Applying to a Master’s degree programme (Graduate Schools)
> You have a university diploma from an institute of higher education in France, equivalent to at least three years of higher education (License or 180 ECTS credits), or you are a student in a partner establishment with Sciences Po for admission to a master’s programme, then you must apply via the French procedure (FR).
> You have an undergraduate degree (Bachelor of Arts/ Bachelor of Science/ Licenciatura/License), or a foreign Master’s degree, then you should apply via the international Master’s procedure.
> For applications to a graduate dual degree programme, discover the procedures specific to each graduate dual degree.
Applying to a One-Year Master’s programme
> If you have at least an undergraduate degree and some professional experience, you can boost your career by applying to one of our 6 one-year master’s programmes. Discover the admissions procedure and see eligibility conditions for our one-year master’s programmes.
Applying to a Ph.D programme
> If you have a master's degree and you wish to pursue one of the 5 doctoral programmes (Law, Economics, History, Political Science, Sociology) offered by the Doctoral School, see the admissions procedure for a Ph.D.
Good to know before applying
Admissions to Sciences Po are for the first year of each proposed programme. It is not possible to be admitted into the 2nd or 3rd year of the undergraduate college or into the 2nd year of our two-year graduate schools.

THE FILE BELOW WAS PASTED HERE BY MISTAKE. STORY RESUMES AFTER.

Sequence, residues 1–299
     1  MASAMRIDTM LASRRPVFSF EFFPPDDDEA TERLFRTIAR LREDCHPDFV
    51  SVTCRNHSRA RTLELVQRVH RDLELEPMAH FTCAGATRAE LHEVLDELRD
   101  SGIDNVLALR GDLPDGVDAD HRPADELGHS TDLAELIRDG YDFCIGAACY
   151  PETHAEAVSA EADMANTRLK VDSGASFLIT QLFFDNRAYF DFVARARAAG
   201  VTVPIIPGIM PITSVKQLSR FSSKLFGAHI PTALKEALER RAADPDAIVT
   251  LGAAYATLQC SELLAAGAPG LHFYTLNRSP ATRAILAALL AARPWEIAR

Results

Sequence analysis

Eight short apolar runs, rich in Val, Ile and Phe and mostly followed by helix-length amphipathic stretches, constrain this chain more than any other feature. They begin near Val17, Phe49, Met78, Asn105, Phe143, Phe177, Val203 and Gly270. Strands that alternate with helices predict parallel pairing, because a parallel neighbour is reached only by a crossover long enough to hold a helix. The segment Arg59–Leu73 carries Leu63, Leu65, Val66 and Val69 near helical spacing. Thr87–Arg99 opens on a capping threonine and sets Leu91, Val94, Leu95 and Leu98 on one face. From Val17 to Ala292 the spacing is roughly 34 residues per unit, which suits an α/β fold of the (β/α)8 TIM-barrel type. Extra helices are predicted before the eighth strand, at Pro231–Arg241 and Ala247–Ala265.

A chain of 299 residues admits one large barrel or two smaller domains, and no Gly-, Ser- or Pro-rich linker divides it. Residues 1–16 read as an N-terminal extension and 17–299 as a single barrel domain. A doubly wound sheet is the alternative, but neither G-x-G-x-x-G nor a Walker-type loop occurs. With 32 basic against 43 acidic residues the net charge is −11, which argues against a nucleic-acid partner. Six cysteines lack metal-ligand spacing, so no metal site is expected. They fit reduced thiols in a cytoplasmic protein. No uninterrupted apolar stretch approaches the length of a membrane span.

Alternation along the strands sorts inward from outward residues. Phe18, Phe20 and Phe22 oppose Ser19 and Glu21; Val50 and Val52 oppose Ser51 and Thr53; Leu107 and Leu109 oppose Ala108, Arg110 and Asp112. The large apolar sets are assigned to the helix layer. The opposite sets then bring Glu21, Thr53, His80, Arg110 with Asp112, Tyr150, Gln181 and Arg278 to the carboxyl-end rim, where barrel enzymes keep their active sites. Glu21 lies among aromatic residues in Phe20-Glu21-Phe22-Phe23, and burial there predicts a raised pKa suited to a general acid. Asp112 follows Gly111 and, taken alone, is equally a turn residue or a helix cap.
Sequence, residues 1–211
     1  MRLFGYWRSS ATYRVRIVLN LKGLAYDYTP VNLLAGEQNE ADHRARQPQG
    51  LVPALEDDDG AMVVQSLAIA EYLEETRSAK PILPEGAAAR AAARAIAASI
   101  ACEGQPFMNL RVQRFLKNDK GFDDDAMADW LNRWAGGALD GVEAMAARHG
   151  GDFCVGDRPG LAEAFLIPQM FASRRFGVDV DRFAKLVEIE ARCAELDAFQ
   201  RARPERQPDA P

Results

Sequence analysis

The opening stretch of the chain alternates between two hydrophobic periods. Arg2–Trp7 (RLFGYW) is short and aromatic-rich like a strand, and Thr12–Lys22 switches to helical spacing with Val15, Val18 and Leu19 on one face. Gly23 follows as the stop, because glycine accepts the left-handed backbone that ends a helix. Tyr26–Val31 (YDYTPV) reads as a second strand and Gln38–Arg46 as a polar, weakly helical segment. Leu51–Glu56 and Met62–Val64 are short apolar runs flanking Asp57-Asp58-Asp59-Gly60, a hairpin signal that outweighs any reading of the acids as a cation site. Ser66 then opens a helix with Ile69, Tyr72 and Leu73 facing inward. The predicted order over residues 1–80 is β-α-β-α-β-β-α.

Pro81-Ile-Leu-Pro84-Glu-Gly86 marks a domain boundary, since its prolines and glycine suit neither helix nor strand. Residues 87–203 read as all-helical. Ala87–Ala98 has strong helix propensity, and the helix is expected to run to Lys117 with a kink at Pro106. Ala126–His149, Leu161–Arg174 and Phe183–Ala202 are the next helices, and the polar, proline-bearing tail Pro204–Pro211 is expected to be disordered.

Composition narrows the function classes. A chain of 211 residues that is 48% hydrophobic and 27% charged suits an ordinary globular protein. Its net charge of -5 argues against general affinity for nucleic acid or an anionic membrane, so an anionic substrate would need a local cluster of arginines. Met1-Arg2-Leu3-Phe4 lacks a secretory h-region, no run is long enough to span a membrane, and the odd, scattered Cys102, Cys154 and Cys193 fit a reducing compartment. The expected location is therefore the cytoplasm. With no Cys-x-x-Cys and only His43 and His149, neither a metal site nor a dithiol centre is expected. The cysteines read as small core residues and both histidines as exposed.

- Sciences Po, Dijon Campus ©Sciences Po
- Sciences Po, Paris Campus ©Martin Argyroglo
International admissions for the 2020 intake are now open!
- Students at the Careers Fair ©Sciences Po
On Friday, 27 September 2019, the Sciences Po Careers Fair took place at the Porte de Versailles with more than 100 employers present (amongst which were private companies, public administrations, international organisations and other entities), all interested in recruiting Sciences Po students and graduates in a wide range of industries and activities. We asked students what mattered to them most when choosing their first internship or job.
Find out more
- ©Caroline Maufroid / Sciences Po
At Sciences Po, we firmly believe that financial barriers should not get in the way of education. That is why each year we dedicate 10.5 million euros in scholarships and financial aid. Thanks to this proactive social policy, every year we help 4 in 10 students (figures from 2017-2018).
1 in 3 students studies for free
Sciences Po’s first engagement in its social policy is carried out in its tuition fees. In 2005, Sciences Po devised an innovative system for students of the European Economic Area: tuition fees are determined according to household income, on a sliding scale with 14 different rates of tuition. The first of these 14 ranks, is the zero fee level. This fee waiver is not just applicable to CROUS scholarship holders, but also to non-scholarship holders from low income backgrounds, and to all students with a disability. The result: 1 in 3 students were exempt of tuition fees in 2017-2018.